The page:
The following is an opinion article. You are allowed to disagree.
Recently, in the Source Gaming discord there was a huge discussion on DLC and why it even exists. I wanted to quickly share my thoughts on why I’ve come around to accept DLC as a necessary evil in the gaming industry today.
My opinion drastically changed within the last year. In particular, when I visited PlatinumGames and was granted the opportunity to take a tour (You can read about it here). The tour was pretty extensive, showing a walkthrough of taking a concept and putting it into a game (the untimely Scalebound). The process was in depth, with the tour guide explaining each stage. On the original blog post I stated the steps comprised of: concept art -> modelling -> texturing -> animation -> sound effects -> and programming. However, in reality, that’s not all there is to game design. There are a LOT more people involved with a game. There are directors, debuggers, marketers, translators, editors, human resource people…the list goes on.
The ballooning cost of development staff and the pure expense of a project is exactly why DLC is becoming a necessary evil in today’s games. Without DLC, publishers would have to look into other revenue streams to get a return on their investment. I think without DLC revenue, publishers would increase the price of games in order to still profit.
As Sakurai has stated in The Creator’s Hands are Alive and Well, “[DLC is] the easiest way to make money” which is why a lot of video game companies are utilizing DLC these days. Of course, in that column, Sakurai is speaking out against the ‘on-disc’ DLC, the DLC that is held back for the sake of increasing money. He argues that Smash for Wii U/3DS was “authentic”, and was all developed once the game was finished. I think most people are against on-disc DLC.
In some cases, companies will use on-disc DLC to maintain momentum. Sakurai even mentioned this in that column. Timed unlocks for Mario Maker and Splatoon, while free, are still a form of on-disc DLC. It’s content that was not available on Day 1. However, most people were okay with the timed unlocks, as they were free. Most people are unhappy with paid DLC being a “key” to unlock a character that’s fully finished with a game. Personally, I dislike both forms of on-disc DLC, but that’s just me. I refused to buy Splatoon on release due to not all of its’ content being available on Day 1.
Despite this, one common criticism I’ve seen of Smash for Wii U/3DS DLC is how much it costs — especially in regards to Lucas’ and Roy’s cost. I think it’s important to remember a couple of things. First, Nintendo decided the price of DLC. Secondly, video game companies are companies. Their purpose is to profit. Without profit, they cannot continue making games. No money, no games.
So even though Roy is a semi-clone, or whatever, Nintendo still needed to pay the concept artists, sound engineers, voice actors, programmers, modelers, directors, marketers, etc. There’s a lot of people to pay, and the 5 USD price tag was the price Nintendo decided they could charge, in order to pay back their investment and make a profit. And guess what? Most people bought it. Smash DLC was some of the most profitable DLC Nintendo ever produced. Even though it took quite a bit of time, energy and capital, I’m sure Nintendo, their fans, and their investors were overall satisfied with the result.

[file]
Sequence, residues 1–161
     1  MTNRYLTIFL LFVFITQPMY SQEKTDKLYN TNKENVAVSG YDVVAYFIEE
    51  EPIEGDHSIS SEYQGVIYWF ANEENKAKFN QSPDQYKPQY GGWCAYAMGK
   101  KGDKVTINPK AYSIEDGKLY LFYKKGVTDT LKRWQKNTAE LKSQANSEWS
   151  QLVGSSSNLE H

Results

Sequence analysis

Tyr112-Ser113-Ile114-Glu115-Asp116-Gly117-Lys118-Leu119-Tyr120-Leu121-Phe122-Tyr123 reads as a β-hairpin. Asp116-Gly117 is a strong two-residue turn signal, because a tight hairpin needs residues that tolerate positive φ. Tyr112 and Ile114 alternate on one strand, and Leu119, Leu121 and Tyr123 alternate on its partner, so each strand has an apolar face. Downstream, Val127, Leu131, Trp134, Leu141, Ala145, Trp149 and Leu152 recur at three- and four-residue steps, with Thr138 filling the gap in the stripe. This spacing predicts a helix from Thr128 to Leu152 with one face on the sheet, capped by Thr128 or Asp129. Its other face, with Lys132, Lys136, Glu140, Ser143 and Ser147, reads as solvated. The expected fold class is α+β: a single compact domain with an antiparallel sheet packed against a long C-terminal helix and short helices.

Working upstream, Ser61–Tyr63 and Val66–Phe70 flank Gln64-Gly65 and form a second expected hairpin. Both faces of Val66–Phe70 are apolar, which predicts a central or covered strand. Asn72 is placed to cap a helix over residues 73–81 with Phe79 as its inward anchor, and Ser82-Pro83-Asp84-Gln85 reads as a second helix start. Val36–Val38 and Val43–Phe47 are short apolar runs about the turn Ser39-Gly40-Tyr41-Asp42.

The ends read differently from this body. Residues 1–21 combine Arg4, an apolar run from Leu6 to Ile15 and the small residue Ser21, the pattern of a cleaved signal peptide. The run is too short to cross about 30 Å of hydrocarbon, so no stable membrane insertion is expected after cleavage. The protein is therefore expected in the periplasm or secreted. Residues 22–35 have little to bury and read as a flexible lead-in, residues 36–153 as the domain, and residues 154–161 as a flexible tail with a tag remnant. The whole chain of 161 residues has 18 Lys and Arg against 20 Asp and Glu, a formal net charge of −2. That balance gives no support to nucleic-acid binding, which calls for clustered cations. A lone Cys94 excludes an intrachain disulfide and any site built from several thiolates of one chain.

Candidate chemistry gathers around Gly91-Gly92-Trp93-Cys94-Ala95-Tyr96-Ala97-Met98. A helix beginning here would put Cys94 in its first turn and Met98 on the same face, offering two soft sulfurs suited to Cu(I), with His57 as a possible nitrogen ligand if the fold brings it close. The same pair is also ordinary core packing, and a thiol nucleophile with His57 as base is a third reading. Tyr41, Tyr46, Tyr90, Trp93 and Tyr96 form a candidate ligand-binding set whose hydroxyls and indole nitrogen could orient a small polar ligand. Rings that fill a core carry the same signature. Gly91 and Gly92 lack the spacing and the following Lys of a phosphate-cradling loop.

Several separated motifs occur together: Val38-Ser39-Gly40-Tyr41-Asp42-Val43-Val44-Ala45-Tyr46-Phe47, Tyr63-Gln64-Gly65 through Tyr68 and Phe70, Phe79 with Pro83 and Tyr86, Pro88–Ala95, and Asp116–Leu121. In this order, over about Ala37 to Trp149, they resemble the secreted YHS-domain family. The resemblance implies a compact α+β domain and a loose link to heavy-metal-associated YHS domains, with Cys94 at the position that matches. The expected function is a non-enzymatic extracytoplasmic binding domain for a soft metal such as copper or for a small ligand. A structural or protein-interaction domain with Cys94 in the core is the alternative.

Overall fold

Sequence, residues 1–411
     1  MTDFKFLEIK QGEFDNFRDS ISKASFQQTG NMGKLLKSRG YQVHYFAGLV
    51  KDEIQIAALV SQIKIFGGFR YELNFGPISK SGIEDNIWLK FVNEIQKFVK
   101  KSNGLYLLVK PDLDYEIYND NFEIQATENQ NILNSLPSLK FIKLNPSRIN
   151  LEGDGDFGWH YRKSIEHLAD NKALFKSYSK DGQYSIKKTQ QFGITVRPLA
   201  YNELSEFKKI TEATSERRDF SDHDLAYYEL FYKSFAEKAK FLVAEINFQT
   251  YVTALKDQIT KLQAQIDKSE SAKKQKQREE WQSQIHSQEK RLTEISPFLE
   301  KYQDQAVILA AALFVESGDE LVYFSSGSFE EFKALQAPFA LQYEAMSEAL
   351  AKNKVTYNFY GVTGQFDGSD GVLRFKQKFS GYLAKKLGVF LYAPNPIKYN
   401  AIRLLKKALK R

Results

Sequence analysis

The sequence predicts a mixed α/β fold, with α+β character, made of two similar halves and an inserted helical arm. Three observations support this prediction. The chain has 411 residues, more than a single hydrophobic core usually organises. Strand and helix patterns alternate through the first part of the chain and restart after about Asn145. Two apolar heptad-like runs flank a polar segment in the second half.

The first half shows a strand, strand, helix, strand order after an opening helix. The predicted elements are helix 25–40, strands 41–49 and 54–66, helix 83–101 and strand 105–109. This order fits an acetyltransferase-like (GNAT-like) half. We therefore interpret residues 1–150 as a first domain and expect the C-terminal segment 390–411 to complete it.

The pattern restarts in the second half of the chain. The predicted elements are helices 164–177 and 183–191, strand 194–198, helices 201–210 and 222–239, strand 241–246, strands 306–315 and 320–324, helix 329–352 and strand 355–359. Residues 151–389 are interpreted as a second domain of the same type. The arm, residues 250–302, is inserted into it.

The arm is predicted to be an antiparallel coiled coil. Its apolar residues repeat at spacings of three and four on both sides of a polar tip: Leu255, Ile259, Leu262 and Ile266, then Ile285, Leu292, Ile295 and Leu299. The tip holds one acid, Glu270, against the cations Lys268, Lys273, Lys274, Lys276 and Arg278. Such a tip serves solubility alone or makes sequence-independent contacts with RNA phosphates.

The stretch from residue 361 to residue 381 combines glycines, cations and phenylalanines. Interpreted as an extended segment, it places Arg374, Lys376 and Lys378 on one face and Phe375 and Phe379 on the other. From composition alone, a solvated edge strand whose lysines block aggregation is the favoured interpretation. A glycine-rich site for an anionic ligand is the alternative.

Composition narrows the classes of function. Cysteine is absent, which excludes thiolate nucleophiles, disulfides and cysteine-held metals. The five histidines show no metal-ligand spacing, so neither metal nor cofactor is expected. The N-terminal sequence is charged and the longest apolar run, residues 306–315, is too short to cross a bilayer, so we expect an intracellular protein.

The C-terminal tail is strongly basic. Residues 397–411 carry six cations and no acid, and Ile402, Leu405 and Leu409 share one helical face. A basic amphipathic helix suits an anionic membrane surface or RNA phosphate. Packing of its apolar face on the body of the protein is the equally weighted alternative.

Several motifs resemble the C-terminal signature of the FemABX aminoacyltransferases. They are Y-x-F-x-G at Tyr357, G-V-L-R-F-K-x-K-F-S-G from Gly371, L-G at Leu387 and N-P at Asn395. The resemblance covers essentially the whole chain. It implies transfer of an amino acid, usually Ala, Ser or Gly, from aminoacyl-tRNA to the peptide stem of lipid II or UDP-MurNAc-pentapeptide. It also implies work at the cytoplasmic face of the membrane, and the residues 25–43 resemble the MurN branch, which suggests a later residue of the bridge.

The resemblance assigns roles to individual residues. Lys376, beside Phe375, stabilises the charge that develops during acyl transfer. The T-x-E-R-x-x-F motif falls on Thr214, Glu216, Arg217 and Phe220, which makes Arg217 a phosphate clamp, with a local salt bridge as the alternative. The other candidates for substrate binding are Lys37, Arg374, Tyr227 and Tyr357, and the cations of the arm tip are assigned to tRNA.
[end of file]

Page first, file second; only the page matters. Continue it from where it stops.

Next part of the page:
I’d like to briefly discuss the difference between planning to have DLC, and planning the DLC. I think with Smash for 3DS/Wii U Sakurai had always planned on doing DLC. Logistically, Bandai Namco would need to plan around having certain teams, or people available for other projects. We do know from data mining by yours truly, that Smash was always DLC capable. As I discussed in Sakurai Didn’t Say That!, I think DLC was planned for Smash, but particular DLC wasn’t (with the exception of Mewtwo). When exactly Lucas, Roy and Ryu were decided is still a mystery, but I wouldn’t be surprised if it was shortly before the game shipped but after the game was finished.
Up until now, I’ve been focused on the commercial explanation for why DLC even exists. I’d like to briefly explore the creative side to DLC. DLC can be an avenue for creators to experiment with the game. Mario Kart 8 adding Link, Isabella/Villager, and the 200cc Mode are prime examples of this. Kosuke Yabuki, one of the game’s directors stated in an interview, “ If we’re going to make DLC, we wanted it to be something fresh and special.“ In the same interview, he also states, “this DLC is unique and special in the way it transcends the boundaries of the Mario Kart franchise. I hope that people around the world enjoy it.” I think it’s reasonable to say that without DLC being a success for Mario Kart 8, we might not have seen the Inklings in Mario Kart 8 Deluxe.
Sometimes DLC offers side stories, different from the main campaign. The Zombie Island of Dr. Ned from the original Borderlands was pretty well received, despite having to do little with the original story. The Grand Theft Auto 4 and 5 DLC is also pretty experimental with their DLC — focusing on new characters which bring new light to the game world. DLC can be a great way to give focus to a minor character, providing extra details to the overall lore. Plague Knight, Specter Knight and (eventually) King Knight are all boss characters from the original Shovel Knight but have received their own themed DLC content. See? DLC isn’t always bad!
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